Kenya’s forgotten workers and a self-serving labour movement

 Kenya’s forgotten workers and a self-serving labour movement

Published in the Saturday Standard on 2 May, 2020

I am filing this column only a few hours before May Day. Also known as the International Labour Day, this holiday is celebrated all over the world, in honour of the dignity of labour. With a few exceptions, this festival comes on 1 May.

I salute all those who bring decency and honour to labour. These are the people who live by the sweat of their brow. They labour with their hands and with honesty of intellect. In a word, they sell manual and intellectual labour. Here in Kenya, we are reminded of the third stanza of our National Anthem. It has magnificently said, “And the glory of Kenya; the fruit of our labour, fill every heart with thanksgiving.”

The European Industrial Revolution (about 1760 – 1840) abused human dignity in the workplace. Women and children, especially, took the brunt of terrible working conditions. We recall the painful efforts that were enlisted – then and after – to reclaim this dignity. Organized approaches to the selling of human labour began in Great Britain in the 19th century. They aimed at ending the abuse of work. They subsequently found their way elsewhere, in Europe and in the United States; and even here in Africa. They took the shape of trade unions.

In spite of numerous political and legalistic drawbacks, organized labour triumphed. Collective bargaining arrived, to reduce friction between employers and the State on the one hand and the workforce on the other. It brought improved pay and other benefits. It also addressed general working conditions. In parts of Africa, the labour movement was associated with the coming of independence from European colonial powers.

Global designation of an official workers’ holiday came after persistent draining strikes, pickets and other forms of industrial unrest, in many countries. The hay market riot of 1886 in the Unites States killed dozens of workers and police officers, in Chicago. The rail road strike of the same year spread across five states. These were mirrored in other countries. They underlined the need for organized negotiation of labour.

It is remarkable that the International Labour Organization (ILO) was the first specialized agency of the United Nations in 1946. Indeed, ILO first came into existence in 1919, as a product of the Treaty of Versailles, after World War I. The essence of all this is the dignity of labour. Without dignified labour, nothing good happens.

The Papal open letter of 1891 on the dignity of labour is as relevant today as it ever was. Pope Leo XIII issued the encyclical titled Rerum Novarum to address the misery of the working class. In Christendom, there is something of a sacrosanct ring on the dignity of labour. To this extent, it has been written (in 2 Thessalonians 3:10, “If a man will not work, he shall not eat. We . . . command and urge . . . people to settle down and earn the bread they eat.”

The 2020 Labour Day finds the global workforce in its most vulnerable hour. ILO projects that close to 1.2 billion jobs are globally at risk, because of the new coronavirus. ILO and trade unions around the globe are busy urging governments and employers to cushion workers with financial safety nets. This is a good thing to do. Yet, at the same time, the virus has exposed the soft underbelly of the global labour movement. Indeed, the question may be asked, how relevant are these unions today?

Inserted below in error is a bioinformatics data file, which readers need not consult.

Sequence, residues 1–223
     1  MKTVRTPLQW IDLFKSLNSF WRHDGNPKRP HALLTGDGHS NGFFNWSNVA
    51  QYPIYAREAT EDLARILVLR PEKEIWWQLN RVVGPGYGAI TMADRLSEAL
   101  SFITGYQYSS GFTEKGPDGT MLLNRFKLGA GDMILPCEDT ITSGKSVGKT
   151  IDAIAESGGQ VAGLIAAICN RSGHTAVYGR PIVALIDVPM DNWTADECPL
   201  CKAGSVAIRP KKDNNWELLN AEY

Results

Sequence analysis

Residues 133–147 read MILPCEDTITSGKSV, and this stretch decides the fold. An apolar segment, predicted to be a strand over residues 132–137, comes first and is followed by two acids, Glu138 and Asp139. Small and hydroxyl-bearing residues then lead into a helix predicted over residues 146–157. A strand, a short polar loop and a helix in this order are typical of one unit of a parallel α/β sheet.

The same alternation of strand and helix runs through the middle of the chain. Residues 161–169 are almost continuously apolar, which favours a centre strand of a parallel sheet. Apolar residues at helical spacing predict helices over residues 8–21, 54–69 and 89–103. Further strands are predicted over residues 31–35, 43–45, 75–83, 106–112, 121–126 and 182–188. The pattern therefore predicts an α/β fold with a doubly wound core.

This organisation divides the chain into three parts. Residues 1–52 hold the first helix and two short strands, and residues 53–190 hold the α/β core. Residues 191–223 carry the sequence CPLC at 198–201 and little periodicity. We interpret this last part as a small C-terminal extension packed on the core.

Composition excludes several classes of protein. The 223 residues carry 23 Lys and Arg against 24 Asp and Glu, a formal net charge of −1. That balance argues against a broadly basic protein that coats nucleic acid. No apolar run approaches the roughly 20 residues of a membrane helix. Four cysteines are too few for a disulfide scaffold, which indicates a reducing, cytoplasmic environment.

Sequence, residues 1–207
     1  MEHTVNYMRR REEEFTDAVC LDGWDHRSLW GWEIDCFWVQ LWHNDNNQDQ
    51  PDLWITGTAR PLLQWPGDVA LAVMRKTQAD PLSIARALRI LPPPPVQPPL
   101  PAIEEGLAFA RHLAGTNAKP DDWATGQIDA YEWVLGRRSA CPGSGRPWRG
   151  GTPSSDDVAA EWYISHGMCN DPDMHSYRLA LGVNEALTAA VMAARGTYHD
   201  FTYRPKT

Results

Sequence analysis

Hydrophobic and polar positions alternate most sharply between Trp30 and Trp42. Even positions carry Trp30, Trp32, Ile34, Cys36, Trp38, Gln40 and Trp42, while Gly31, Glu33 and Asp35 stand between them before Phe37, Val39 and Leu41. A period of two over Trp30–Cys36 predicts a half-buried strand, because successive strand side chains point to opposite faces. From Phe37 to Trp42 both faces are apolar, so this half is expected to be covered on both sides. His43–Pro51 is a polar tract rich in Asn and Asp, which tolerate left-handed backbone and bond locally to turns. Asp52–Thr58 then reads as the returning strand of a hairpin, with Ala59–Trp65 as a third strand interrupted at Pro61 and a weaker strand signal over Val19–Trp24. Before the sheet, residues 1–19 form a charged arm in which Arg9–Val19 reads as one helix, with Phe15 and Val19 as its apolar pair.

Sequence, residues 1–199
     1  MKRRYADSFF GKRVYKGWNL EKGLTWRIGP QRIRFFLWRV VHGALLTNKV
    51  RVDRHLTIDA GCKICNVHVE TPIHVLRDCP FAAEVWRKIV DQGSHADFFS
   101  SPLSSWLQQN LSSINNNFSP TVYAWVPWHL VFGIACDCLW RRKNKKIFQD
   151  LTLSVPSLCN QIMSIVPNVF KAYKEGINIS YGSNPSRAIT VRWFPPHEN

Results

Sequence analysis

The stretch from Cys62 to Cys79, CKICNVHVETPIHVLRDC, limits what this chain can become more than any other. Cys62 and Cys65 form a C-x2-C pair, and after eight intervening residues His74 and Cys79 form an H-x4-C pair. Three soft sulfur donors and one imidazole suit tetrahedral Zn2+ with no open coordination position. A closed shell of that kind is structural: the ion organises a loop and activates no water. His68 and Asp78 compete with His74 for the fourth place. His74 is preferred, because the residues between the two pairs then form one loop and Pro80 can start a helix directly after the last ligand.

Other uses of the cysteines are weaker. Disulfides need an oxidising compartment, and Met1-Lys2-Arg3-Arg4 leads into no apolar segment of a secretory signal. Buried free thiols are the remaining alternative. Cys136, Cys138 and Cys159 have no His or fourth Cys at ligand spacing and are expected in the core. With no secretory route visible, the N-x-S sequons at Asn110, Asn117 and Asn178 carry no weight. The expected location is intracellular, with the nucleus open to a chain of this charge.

If the workers of the world have ever needed their unions, the time is now. Conversely, if unions have ever been helpless, it is now. For it is not enough for unions to petition employers and governments to provide safety nets in troubled times. The unions ought to be the relief entry points. Traditionally, unions created “unemployment funds.”

Such funds came in at times such as now, when Covid-19 is throwing workers into destitution. Here in Kenya, Cotu collects, annually, billions of shillings from its upwards of 4 million members. Now is the time for these billions to support the workers. The Kenyan situation is particularly awkward. The Secretary General spends inordinate energy on Uhuru succession politics. Even now, when he should be focused on practical support to workers, he is obsessed with 2022 succession lineups. Such is the nature of Alice-in-Wonderland loss of direction.

The 2020 Labour Day glaringly reminds us that trade unions don’t even have unemployment funds that could stretch out employers and governments, to secure good deals for the workers. Legitimate strikes collapse under State attrition in a matter of days, because the unions are broke. What do trade unions do with members’ contributions? Do they ever publish their accounts?

Elsewhere, governments have interfered with the unions, to make them State compliant. Teachers in Kenya, for example, are forced to belong to unions that the State finds obedient. A submissive lovey-dovey relationship between the State and trade unions is a comity of treachery. Of course, the relationship between the two need not be hostile. Yet when they party and make merry together, the worker is in trouble.

The fragile and uncertain times that the world is going through invite the global workforce to a reality check. We live in an age when the membership of labour unions has become more sophisticated than it was in the 19th century. Members deserve better from their unions.

going forward, comfort through unemployment funds must become obligatory in trade unions. It is not enough for unions to make demands of governments and employers. Union leaders must also be less overexcited and more practical. They must, especially, talk less about irrelevant politics, their personal wealth and their private life; all at the expense of serving their employers – the workers.

Barrack Muluka

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